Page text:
By the Rev. Connie Yost, President, Farm Worker Ministry Northwest
The workers at Sunnyside, Washington’s Ostrom Mushrooms continue to struggle for justice in their workplace. The company was recently purchased by Windmill Farms, which is one of the largest mushroom producing companies in Canada. Instar Asset Management, a Canadian investment corporation, is a major financier of Windmill Farms.
Because of Ostrom’s outrageous labor practices, workers voted in 2022 to unionize with the UFW. They are demanding a halt to gender discrimination (see below for an update on the lawsuit against Ostrom), threats, retaliation and workplace injuries as well as asking for fair wages and safe working conditions.
Once this purchase went through with Instar’s funding, workers were called into meetings, informed the company had been sold and were told everyone was fired. Workers were offered jobs at the new company – but they would earn less, have a 90-day probationary period when they could be fired for any reason and they only would be hired back if they signed an arbitration agreement – giving up their rights to sue if the company violates the law. Workers shared they had to sign on the spot or leave – even if official papers said they had 24 hours. Many had to accept jobs they had no training for – including people with on-the-job injuries that required light duty.
Farm Worker Ministry Northwest recently held a Community Forum in Seattle and we heard from two former mushroom workers. One worker, Jose Martinez, had been an organizer of the workers for years, and he was fired just 2 days after he spoke at the last worker rally in Sunnyside (April 18). He said that the new management gave them difficult quotas to meet in a 90 day probationary period, but he was fired after just 60 days. He wasn’t even an actual mushroom picker before new management gave him the picker job; he had worked for three years doing cleaning. The other worker told us that he had a work-related injury that forced him to quit. Both workers reported that the workers are in an even worse situation with the new management.
Workers are keeping up their fight at the new company where the same unethical behavior continues. On April 18, more than 100 workers and supporters rallied in front of the mushroom plant in Sunnyside to give the company a strong message that they are not backing down.
They won’t quit and we won’t quit supporting them.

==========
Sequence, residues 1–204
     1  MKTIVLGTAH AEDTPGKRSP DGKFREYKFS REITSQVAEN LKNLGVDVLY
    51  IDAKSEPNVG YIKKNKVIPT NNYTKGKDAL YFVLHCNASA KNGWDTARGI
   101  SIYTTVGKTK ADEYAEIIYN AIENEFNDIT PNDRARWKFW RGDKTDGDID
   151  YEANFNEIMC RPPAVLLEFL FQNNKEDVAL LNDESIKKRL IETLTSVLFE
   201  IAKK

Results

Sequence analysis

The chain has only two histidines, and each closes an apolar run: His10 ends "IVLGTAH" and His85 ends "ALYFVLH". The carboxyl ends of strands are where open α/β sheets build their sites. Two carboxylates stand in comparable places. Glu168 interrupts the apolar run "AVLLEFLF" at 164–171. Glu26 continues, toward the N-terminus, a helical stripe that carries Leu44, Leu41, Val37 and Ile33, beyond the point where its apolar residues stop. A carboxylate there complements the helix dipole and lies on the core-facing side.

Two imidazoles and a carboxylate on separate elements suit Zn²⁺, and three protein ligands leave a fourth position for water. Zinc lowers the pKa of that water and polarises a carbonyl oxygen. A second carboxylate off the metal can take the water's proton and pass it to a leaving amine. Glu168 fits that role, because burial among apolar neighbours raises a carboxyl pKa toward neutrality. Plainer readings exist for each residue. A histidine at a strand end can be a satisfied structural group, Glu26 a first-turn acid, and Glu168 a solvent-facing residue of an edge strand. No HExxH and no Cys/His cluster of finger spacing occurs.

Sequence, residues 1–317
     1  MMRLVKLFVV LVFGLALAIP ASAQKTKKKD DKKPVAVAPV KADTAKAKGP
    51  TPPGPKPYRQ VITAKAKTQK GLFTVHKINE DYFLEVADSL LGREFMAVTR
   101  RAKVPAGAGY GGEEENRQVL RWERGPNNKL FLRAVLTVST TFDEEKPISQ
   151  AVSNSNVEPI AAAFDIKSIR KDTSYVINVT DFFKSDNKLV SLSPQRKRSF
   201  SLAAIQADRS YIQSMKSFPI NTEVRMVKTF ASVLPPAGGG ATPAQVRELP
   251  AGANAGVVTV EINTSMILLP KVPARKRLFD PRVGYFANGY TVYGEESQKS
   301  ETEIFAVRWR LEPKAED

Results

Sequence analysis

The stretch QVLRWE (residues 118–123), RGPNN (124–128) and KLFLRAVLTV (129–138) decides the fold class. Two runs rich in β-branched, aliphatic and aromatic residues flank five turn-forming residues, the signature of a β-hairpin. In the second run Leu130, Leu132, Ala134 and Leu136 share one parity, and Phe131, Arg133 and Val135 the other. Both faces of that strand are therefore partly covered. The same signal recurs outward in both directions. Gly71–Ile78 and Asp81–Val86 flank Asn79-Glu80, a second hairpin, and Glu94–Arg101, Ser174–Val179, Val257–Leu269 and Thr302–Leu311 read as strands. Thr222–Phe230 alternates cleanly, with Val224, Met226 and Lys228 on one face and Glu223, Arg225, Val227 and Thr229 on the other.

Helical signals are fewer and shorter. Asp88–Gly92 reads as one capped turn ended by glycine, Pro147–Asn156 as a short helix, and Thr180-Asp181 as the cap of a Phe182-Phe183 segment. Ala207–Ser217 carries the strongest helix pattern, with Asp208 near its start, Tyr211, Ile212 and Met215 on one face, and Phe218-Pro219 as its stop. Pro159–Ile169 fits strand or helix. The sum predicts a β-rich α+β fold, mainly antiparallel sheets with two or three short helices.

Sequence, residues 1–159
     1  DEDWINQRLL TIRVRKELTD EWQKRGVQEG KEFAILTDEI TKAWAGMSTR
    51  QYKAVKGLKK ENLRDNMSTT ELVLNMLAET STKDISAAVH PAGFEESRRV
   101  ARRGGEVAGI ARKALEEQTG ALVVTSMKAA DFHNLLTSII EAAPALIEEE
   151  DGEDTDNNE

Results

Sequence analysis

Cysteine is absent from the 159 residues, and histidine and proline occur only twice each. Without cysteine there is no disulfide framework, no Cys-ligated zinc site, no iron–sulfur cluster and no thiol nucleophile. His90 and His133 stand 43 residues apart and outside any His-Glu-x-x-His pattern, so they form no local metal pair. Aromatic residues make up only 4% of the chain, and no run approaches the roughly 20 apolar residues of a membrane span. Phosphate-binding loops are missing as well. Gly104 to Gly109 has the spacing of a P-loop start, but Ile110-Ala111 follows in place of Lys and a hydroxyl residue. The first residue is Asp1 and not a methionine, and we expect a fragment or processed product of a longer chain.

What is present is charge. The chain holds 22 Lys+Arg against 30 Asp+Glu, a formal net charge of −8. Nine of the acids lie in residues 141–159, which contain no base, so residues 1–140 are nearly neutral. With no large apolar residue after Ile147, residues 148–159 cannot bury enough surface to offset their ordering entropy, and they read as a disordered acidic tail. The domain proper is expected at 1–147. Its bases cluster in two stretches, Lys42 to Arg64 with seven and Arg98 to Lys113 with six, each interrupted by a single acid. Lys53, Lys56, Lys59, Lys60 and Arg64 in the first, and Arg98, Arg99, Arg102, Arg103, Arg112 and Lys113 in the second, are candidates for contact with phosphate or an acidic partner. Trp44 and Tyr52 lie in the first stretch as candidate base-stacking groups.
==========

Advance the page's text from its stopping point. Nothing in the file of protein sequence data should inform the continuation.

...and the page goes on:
Farm workers were deliberately left out of federal labor law in the 1930’s because they were black. Almost 90 years later, farm workers are still not protected by federal law and there are few state laws that apply to them. The mushroom workers voted to unionize with the United Farm Workers in September 2022, yet management refuses to recognize the union or respond to the worker’s concerns.
As people of faith and justice, we know that farm workers are essential workers who deserve to organize, be safe on the job, make a living wage and be treated with respect and dignity. Community support makes a difference as too often farm workers have little voice or power and work in situations where exploitation is common business practice. When we show up, we are telling management that we want the workers to be treated fairly and that we will use our voice and power to stand with them. It is our moral duty to join with the workers in compassion and hope, recognizing that we are connected, that we are all in this together, that the people who feed us are essential human beings, and must not be exploited.
The workers and United Farm Workers urge you to take action today. Let the CEO of Instar, Gregory J. Smith, know you are appalled with how the workers are being treated. Ask Instar why they would want to be associated with this sort of unethical and illegal conduct. Tell Instar Asset Management to use its influence to make sure that the labor dispute is resolved. Workers deserve to be represented by a union.
Farm workers are continuing to speak out about the exploitative conditions and on Wednesday, May 17th they gained a victory. Ostrom Farms must pay a $3.4 million fine for gender discrimination and other unfair and discriminatory practices, resolving the lawsuit filed last year by the Washington Attorney General’s Office. This is a win for workers, but the fight for better protections is not over. This is retribution for wrongs done, but not a commitment to change.